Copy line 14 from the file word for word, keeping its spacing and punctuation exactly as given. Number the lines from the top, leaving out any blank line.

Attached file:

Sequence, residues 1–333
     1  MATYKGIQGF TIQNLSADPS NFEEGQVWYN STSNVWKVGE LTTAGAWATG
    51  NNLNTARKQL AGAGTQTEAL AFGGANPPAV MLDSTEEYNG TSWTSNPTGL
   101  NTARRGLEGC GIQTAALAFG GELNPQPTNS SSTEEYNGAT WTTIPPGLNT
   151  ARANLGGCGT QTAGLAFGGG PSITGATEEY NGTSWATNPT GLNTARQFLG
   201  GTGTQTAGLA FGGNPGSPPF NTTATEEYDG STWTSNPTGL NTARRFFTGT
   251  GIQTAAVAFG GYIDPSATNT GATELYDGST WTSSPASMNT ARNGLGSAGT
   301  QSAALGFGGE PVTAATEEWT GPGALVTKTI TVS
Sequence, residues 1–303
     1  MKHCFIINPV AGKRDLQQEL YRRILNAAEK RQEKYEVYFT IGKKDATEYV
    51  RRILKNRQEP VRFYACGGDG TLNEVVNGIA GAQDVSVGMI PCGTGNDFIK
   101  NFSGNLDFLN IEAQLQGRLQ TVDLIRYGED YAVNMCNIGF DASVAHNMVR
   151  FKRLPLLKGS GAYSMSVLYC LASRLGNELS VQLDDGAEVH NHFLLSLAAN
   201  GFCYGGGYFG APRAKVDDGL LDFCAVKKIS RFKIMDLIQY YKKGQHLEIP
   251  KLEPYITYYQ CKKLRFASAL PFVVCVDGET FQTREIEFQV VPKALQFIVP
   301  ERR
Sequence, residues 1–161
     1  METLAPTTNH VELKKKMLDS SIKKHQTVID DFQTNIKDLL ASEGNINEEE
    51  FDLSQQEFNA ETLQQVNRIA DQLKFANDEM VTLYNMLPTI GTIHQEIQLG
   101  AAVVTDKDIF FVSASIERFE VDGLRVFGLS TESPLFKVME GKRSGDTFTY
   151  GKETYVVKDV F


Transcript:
   201  GFCYGGGYFG APRAKVDDGL LDFCAVKKIS RFKIMDLIQY YKKGQHLEIP